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Economy & Business

College Basketball Bringing Big Bucks to Pittsburgh

Michael Lynch
90.5 WESA

Despite not having a professional team, basketball is expected to bring big bucks to the city of Pittsburgh this weekend.

Tourism agency VisitPittsburgh projects as much as $7 million will be pumped into the local economy thanks to the NCAA Division I Men’s Basketball Championships at the Consol Energy Center on March 19 and 21.

Jesse Herrle, general manager of Blue Line Grill, wants to capitalize on the basketball crowd and said his sports bar will try to be “tournament headquarters.”

“We’re basically going to roll out the red carpet for all incoming universities — be it Butler, Notre Dame, Villanova, who all travel very well—and we expect a great crowd both Thursday and Saturday,” Herrle said.

At least 5,100 hotel rooms have been booked by the NCAA, and more than 18,000 fans from states such as Indiana, Massachusetts and Texas are expected to pack the stands for each game.

Carol Lippl, a merchandise manager at Consol Energy Center, is looking forward to the tournament despite her longer than average workday. She said fans seem to flock to get their hands on everything “March Madness.”

“The people love to have these as mementos of something that doesn’t happen all the time and especially for their individual colleges and universities,” Lippl said. “They’re not always in these tournaments.”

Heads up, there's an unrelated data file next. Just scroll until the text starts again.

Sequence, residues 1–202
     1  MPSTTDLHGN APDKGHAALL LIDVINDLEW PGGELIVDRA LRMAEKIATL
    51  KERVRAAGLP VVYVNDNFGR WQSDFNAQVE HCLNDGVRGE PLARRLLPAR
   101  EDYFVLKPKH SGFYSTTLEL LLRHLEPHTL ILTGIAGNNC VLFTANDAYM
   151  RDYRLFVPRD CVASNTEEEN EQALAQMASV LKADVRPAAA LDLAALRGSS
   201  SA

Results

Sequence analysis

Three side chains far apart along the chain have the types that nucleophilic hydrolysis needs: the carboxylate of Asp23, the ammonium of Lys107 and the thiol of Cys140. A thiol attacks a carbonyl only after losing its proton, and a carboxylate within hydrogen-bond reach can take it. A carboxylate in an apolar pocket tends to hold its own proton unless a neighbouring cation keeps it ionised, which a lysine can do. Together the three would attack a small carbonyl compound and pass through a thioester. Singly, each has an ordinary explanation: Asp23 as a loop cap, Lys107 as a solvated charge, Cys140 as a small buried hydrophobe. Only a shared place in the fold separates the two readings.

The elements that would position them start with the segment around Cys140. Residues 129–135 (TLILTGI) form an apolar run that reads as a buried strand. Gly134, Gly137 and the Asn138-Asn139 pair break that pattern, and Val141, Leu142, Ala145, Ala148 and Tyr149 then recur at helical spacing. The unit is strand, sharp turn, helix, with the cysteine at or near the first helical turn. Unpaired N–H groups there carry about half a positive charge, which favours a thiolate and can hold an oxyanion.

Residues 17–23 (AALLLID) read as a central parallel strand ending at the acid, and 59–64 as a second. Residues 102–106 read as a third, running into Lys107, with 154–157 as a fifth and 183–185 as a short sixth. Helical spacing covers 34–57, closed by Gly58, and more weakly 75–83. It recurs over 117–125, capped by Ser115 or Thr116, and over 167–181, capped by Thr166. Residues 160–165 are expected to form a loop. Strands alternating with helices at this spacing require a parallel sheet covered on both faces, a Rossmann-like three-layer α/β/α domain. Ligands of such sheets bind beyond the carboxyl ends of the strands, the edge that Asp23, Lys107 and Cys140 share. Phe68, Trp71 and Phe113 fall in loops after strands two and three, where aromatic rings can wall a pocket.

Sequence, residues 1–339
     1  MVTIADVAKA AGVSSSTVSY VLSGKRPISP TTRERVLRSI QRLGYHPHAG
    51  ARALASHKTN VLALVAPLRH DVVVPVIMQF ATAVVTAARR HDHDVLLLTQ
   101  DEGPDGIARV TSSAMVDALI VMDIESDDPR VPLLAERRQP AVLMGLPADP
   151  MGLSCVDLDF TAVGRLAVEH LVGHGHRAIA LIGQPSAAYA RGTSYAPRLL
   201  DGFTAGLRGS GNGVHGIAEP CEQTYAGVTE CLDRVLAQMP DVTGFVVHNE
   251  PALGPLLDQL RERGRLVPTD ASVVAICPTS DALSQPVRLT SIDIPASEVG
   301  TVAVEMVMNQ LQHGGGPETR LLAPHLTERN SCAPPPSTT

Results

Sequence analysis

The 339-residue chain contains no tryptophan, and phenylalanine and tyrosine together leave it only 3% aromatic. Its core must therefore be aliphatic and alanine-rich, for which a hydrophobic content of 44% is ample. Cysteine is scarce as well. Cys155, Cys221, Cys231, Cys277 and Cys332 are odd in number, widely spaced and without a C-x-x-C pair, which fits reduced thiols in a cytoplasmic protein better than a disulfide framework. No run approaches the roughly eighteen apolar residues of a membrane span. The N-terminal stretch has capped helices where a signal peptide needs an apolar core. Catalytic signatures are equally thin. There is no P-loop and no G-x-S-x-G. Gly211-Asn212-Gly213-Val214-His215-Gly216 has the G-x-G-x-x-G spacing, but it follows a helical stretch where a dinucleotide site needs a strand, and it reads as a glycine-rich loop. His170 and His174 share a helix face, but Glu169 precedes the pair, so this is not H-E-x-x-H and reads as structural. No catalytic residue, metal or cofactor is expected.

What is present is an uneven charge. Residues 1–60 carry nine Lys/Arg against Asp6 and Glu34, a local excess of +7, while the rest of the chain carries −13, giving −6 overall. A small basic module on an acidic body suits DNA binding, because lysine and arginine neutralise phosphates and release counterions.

Jack Bettel is one such fan, buying 19 T-shirts, a hat and a miniature basketball after driving more than five hours from Toronto for the weekend.

This will be Bettel’s 14th March Madness tournament, but first time in Pittsburgh.

“On our day off we’re going to do a little bit of shopping in the morning,” he said. “We’re going to pick one thing in downtown and go look at that and then watch basketball the rest of the day.”

VisitPittsburgh CEO Craig Davis said the tournament is coming to Pittsburgh at just the right time.

“This is not the typical busy month for the north east in the United States and to have something like this taking place in Pittsburgh on a weekend in March is really a gift because it’s very difficult to find other big events that are willing to come to the northeast in the winter time,” Davis said.

He also said the games will give Pittsburgh national media attention the city couldn’t afford otherwise.

“We have a beautiful landscape here, and it translates very well on television,” Davis said. “So, not only do we get that kind of exposure directly for Pittsburgh, but also, this helps us to give credit for future tournaments that we have.”

The city hosted the second and third rounds of the tournament in 2012 and the championships will return to the Consol Energy Center in 2018.